‘The Invisible War’ Movie Review – The Invisible Solution
Not knowing anything about a film can be beneficial. I recently wrote a review where the unknown factor really enhanced my viewing. However, there is an inevitable flipside. The military documentary The Invisible War isn’t worse because I knew nothing about it, but a little bit of warning should be noted. The warning is purely due to content, though, since the film documents some pretty gruesome stuff. In turn, the film paints an emotional picture, even though it’s arguably too depressing.
Kirby Dick (Twist of Faith, This Film is Not Yet Rated) takes his documentarian talents to sexual harassment and exploitation in the military. Following multiple main characters, he tells a case-by-case story about each individual and how they were hurt. In an institution as gigantic and powerful as the U.S. military, things of this nature should not be occurring. Without any prior knowledge, I’d presume it’d be tough to find somebody that disagrees with the previous statement.
Through interviews, montages, and dramatized scenes, each real life character and their battles play out on screen. Some are looking for money while others are looking for change. No matter what, though, they are all looking for justice.
When judging documentaries, I tend to focus on the rhetoric. In this case, The Invisible War does a great job of establishing credibility, backing it up with facts, and hammering home the emotions. According to Aristotelian rhetoric, the documentary is right on. Sure, the emotions (pathos) ultimately drive the film, but it’s balanced more than a lot of other documentaries you’ll see.
From another point-of-view, it’s hard for me to back this film completely. And, it’s probably not the message, style, or presentation really. The content is so bleak, making The Invisible War really wear on you. There’s truly only so much rape, exploitation, cover-up, and injustice you can take. The faceless enemy is undoubtedly wrong, but is anything changing? After the film is over, we’ll be thinking and talking about how wrong the system is. However, is anything going to change? I fear not.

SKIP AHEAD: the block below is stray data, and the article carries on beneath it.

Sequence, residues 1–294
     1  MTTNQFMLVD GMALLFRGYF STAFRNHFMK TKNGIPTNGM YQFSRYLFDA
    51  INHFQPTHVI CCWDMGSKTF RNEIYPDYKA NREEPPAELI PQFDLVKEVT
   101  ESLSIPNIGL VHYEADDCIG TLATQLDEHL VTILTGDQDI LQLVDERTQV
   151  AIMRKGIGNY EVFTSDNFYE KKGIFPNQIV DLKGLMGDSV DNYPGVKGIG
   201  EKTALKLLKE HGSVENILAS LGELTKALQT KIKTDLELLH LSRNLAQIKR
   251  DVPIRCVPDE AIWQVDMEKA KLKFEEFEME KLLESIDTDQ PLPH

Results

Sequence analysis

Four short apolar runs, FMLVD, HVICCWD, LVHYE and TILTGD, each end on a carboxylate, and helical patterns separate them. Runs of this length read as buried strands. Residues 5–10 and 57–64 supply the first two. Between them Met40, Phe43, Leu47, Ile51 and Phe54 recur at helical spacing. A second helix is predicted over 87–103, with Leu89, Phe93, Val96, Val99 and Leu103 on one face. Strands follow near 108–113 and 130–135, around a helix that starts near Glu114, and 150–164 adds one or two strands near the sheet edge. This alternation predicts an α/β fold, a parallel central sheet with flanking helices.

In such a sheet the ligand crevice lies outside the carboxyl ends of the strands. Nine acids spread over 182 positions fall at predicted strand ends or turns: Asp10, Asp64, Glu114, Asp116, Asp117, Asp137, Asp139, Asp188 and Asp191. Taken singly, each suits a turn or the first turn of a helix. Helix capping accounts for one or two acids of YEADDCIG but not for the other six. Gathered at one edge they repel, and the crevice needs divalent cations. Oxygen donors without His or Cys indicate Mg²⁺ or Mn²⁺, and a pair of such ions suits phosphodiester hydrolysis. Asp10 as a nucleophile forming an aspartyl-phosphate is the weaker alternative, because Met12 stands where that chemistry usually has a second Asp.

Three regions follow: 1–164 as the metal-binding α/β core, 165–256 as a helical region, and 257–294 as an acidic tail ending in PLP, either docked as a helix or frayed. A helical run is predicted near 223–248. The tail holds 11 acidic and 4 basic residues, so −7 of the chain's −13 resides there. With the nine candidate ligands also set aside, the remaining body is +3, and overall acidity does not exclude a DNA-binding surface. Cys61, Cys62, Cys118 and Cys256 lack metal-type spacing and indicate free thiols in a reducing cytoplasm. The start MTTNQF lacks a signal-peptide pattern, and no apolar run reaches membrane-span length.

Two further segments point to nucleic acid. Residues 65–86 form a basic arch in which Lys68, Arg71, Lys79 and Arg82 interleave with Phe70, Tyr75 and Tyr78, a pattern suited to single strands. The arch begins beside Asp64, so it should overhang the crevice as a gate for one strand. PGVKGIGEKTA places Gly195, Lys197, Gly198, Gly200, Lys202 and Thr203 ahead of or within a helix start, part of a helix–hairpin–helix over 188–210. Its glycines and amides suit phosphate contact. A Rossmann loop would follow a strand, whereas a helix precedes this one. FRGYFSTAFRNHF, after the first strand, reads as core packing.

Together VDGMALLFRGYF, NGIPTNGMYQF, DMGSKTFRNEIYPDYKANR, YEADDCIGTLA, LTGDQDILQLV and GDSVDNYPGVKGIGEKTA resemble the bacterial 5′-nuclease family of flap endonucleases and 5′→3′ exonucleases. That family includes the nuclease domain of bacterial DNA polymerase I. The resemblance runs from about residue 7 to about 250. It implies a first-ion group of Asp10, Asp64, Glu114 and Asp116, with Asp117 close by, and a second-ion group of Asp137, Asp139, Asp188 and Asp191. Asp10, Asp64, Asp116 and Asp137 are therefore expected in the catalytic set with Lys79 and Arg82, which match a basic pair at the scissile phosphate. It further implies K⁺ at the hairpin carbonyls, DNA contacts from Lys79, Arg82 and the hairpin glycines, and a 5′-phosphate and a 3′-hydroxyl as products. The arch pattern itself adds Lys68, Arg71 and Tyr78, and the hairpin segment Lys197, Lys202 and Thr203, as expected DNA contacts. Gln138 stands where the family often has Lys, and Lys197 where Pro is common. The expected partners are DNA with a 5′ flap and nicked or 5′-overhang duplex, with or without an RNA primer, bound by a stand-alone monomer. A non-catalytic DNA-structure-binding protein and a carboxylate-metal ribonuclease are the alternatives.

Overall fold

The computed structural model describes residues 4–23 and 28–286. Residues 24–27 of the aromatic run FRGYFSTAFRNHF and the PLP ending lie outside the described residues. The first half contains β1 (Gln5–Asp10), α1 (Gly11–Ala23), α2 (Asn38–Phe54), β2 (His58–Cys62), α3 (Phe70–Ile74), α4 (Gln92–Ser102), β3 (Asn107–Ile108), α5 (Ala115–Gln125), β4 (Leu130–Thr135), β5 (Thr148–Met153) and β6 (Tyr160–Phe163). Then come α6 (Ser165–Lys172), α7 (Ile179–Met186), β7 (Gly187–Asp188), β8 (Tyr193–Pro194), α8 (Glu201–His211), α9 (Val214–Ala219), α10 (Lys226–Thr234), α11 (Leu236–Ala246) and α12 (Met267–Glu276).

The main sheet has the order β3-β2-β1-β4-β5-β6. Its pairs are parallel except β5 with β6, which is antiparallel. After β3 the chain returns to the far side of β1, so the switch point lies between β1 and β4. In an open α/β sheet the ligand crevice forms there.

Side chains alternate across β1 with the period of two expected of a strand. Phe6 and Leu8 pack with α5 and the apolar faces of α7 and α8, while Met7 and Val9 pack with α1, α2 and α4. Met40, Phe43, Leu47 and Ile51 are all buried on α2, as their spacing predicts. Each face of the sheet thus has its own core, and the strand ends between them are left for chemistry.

To Kirby Dick’s credit, this is most likely part of the intent. First, you introduce the problem and educate the people. So far, so good. Then, you explain the complexities – in this case: the imbalance of power and lack of change. Two for two. Lastly, you offer up solutions and inspire change. I’ll give the movie the benefit of the doubt on the change part, but not so much on the solutions. How can I help, how can I make this problem disappear? I still don’t know.
Besides signing a petition – something everyone should do – the only answer I could come up with was “I don’t know.” This depressing answer is very unsettling.
Still, The Invisible War is thought-provoking and ambitious. It’s a film whose content needs to be shared. For any person (particularly women) thinking about joining the U.S. military, make sure you check this movie out. There’s a reason it took home awards at Sundance and the Seattle International Film Festival (where I was lucky enough to catch it).
With all the praise I’ve got, I will throw in my kernel of warning – Kirby Dick’s The Invisible War struggles the most with finding a solution we can get behind. For some, this depressing realization won’t sit well. Ultimately, the good stuff is far superior to the not-so-good.
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